# PHP Constants

Summary: in this tutorial, you learn about PHP constants and how to use the `define()` function and `const` keyword to define constants.

## Introduction to PHP constants

A constant is simply a name that holds a single value. As its name implies, the value of a constant cannot be changed during the execution of the PHP script.

To define a constant, you use the  `define()` function. The  `define()` function takes the constant’s name as the first argument and the constant value as the second argument. For example:

```.wp-block-code {
border: 0;
}

.wp-block-code > div {
overflow: auto;
}

.shcb-language {
border: 0;
clip: rect(1px, 1px, 1px, 1px);
-webkit-clip-path: inset(50%);
clip-path: inset(50%);
height: 1px;
margin: -1px;
overflow: hidden;
position: absolute;
width: 1px;
word-wrap: normal;
word-break: normal;
}

.hljs {
box-sizing: border-box;
}

.hljs.shcb-code-table {
display: table;
width: 100%;
}

.hljs.shcb-code-table > .shcb-loc {
color: inherit;
display: table-row;
width: 100%;
}

.hljs.shcb-code-table .shcb-loc > span {
display: table-cell;
}

.wp-block-code code.hljs:not(.shcb-wrap-lines) {
white-space: pre;
}

.wp-block-code code.hljs.shcb-wrap-lines {
white-space: pre-wrap;
}

.hljs.shcb-line-numbers {
border-spacing: 0;
counter-reset: line;
}

.hljs.shcb-line-numbers > .shcb-loc {
counter-increment: line;
}

.hljs.shcb-line-numbers .shcb-loc > span {
}

.hljs.shcb-line-numbers .shcb-loc::before {
border-right: 1px solid #ddd;
content: counter(line);
display: table-cell;
text-align: right;
-webkit-user-select: none;
-moz-user-select: none;
-ms-user-select: none;
user-select: none;
white-space: nowrap;
width: 1%;
}```<?php

define('WIDTH','1140px');
echo WIDTH;```Code language: PHP (php)```

By convention, constant names are uppercase. Unlike a variable, the constant name doesn’t start with the dollar sign(`\$`).

By default, constant names are case-sensitive. It means that `WIDTH` and `width` are different constants.

It’s possible to define case-insensitive constants. However, it’s deprecated since PHP 7.3

In PHP 5, a constant can hold a simple value like a number, a string, a boolean value. From PHP 7.0, a constant can hold an array. For example:

``````<?php

define( 'ORIGIN', [0, 0] );```Code language: PHP (php)```

Like superglobal variables, you can access constants from anywhere in the script.

## The const keyword

PHP provides you with another way to define a constant via the `const` keyword. Here’s the syntax:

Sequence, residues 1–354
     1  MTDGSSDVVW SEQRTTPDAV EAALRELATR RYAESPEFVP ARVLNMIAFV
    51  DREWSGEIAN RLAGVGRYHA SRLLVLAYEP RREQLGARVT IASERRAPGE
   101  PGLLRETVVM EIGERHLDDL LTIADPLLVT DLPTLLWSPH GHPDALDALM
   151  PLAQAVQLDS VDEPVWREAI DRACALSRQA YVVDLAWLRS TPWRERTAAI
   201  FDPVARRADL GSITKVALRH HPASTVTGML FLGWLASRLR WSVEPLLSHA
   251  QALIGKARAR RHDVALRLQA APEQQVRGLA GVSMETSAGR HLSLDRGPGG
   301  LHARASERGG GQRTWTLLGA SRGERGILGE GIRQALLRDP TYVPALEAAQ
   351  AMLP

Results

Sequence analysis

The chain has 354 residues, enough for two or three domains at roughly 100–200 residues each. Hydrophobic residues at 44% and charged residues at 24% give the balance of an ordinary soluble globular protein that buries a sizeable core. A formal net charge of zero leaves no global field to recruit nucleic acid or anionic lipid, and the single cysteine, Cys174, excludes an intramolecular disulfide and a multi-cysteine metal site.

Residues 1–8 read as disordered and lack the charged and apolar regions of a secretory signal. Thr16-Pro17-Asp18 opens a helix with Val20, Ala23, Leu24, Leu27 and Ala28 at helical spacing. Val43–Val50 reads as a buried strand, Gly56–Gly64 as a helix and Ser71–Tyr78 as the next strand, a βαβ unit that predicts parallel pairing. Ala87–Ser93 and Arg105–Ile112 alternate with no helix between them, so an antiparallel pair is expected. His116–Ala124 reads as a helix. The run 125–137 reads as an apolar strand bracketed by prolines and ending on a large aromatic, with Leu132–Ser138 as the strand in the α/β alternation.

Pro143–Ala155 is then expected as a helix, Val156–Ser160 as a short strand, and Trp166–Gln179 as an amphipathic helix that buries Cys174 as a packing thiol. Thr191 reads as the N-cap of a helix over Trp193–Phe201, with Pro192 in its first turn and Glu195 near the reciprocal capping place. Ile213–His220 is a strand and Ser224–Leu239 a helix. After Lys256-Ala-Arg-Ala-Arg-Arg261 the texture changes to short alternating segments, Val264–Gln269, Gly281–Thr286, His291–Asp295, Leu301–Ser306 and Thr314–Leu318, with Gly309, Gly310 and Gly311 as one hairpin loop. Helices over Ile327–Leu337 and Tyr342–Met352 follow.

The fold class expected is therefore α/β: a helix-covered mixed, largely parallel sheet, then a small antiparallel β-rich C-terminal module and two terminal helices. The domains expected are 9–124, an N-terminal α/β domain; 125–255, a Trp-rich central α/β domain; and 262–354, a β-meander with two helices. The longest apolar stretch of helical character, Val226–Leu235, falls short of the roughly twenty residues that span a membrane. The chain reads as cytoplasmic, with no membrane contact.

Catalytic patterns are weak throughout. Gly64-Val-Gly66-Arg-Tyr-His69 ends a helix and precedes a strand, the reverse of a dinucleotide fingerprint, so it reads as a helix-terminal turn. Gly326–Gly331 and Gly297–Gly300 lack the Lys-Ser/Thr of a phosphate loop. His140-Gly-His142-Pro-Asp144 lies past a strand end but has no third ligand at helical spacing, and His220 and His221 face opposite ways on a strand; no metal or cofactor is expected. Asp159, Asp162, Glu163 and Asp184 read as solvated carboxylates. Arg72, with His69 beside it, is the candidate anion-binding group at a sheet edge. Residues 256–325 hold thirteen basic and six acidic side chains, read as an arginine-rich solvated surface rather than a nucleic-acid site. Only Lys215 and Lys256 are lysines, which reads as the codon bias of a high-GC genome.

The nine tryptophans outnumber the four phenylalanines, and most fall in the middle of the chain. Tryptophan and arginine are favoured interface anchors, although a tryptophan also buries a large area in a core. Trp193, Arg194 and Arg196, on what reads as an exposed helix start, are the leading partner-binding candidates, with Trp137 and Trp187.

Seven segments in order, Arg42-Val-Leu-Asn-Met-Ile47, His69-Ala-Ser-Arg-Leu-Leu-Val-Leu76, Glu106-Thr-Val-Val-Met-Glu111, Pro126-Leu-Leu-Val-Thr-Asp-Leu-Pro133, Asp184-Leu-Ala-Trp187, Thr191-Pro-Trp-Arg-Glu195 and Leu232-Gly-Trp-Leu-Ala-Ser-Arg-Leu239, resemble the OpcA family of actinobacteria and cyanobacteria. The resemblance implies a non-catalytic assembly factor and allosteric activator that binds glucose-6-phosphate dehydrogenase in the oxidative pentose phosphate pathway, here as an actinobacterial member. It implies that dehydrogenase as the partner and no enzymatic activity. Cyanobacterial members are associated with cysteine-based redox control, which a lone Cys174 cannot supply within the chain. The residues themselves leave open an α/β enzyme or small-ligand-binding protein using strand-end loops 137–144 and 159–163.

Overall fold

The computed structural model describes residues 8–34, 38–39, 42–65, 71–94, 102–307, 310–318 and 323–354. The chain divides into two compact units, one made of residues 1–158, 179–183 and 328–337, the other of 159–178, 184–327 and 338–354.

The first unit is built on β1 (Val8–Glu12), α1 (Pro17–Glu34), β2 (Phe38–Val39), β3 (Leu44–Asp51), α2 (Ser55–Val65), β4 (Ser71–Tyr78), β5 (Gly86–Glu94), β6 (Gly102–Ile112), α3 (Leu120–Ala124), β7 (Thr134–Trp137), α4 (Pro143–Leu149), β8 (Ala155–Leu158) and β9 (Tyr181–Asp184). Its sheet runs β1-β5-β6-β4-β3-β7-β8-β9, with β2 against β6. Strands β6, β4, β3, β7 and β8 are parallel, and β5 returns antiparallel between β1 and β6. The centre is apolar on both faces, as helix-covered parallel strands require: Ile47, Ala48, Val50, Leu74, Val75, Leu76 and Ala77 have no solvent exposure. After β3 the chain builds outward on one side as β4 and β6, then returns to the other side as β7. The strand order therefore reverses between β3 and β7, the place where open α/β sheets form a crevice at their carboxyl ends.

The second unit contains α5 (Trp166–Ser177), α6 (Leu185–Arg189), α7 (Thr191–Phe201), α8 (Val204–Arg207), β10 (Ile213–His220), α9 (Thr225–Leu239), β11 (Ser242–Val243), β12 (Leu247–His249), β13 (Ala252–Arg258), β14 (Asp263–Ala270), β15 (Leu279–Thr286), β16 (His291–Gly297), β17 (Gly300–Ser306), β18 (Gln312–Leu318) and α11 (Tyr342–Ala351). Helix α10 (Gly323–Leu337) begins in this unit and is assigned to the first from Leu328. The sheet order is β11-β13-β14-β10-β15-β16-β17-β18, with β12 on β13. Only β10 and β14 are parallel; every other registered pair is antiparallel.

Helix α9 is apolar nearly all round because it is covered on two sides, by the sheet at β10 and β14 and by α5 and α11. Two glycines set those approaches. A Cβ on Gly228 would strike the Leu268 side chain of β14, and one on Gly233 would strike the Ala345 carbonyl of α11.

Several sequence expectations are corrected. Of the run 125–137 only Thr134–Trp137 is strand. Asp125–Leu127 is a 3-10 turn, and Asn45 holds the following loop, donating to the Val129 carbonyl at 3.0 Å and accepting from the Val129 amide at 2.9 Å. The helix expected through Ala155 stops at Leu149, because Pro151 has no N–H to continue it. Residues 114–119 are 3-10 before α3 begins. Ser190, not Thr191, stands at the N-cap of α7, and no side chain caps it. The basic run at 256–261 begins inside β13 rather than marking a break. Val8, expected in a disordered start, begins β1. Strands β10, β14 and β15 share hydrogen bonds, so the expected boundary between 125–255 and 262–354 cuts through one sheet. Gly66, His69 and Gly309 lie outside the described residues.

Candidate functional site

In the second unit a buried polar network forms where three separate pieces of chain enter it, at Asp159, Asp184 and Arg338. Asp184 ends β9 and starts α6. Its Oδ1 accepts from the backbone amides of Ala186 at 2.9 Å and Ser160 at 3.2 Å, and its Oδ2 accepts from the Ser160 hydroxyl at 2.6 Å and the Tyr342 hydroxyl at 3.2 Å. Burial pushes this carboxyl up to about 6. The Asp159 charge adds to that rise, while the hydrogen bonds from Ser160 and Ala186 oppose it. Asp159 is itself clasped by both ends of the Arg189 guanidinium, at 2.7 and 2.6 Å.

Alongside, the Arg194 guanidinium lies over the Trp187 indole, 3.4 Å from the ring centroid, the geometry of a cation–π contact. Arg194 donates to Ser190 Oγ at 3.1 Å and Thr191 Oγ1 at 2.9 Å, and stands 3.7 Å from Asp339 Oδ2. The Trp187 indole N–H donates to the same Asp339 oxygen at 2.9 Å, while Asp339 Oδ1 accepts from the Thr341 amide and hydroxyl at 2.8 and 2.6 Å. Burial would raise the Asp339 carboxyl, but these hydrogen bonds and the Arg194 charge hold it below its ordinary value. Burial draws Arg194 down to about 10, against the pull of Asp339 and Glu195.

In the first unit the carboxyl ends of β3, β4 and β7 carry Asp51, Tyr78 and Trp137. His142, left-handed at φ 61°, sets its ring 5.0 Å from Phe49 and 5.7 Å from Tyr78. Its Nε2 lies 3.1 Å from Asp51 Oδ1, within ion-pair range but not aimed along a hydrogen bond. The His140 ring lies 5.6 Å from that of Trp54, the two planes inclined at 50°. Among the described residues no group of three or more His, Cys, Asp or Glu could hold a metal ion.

``const CONSTANT_NAME = value;`Code language: PHP (php)`

In this syntax, you define the constant name after the `const` keyword. To assign a value to a constant, you use the assignment operator (=) and the constant value. The constant value can be scalar, e.g., a number, a string, or an array.

The following example uses the `const` keyword to define the `SALES_TAX` constant:

``````<?php

const SALES_TAX = 0.085;

\$gross_price = 100;

\$net_price = \$gross_price * (1 + SALES_TAX);

echo \$net_price; // 108.5```Code language: PHP (php)```

The following example uses the `const` keyword to define the RGB constant that holds an array:

``````<?php

const RGB = ['red', 'green', 'blue'];```Code language: PHP (php)```

## define vs const

First, the `define()` is a function while the `const` is a language construct.

It means that the `define()` function defines a constant at run-time, whereas the `const` keyword defines a constant at compile time.

In other words, you can use the `define()` function to define a constant conditionally like this:

``````<?php

if(condition)
{
define('WIDTH', '1140px');
}```Code language: PHP (php)```

However, you cannot use the `const` keyword to define a constant this way. For example, the syntax of the following code is invalid:

``````<?php

if(condition)
{
const WIDTH = '1140px';
}```Code language: PHP (php)```

Second, the define() function allows you to define a constant with the name that comes from an expression. For example, the following defines three constants `OPTION_1`, `OPTION_2`, and `OPTION_3` with the values 1, 2, and 3.

``````<?php

define('PREFIX', 'OPTION');

define(PREFIX . '_1', 1);
define(PREFIX . '_2', 2);
define(PREFIX . '_3', 3);```Code language: PHP (php)```

However, you cannot use the `const` keyword to define a constant name derived from an expression.

Unless you want to define a constant conditionally or use an expression, you can use the `const` keyword to define constants to make the code more clear.

Note that you can use the `const` keyword to define constants inside classes.

## Summary

• A constant is a name that holds a simple value that cannot be changed during the execution of the script. From PHP 7, a constant can hold an array.
• A constant can be accessed from anywhere in the script.
• Use the `define()` function or `const` keyword to define a constant.
• Use the `define()` function if you want to define a constant conditionally or using an expression.
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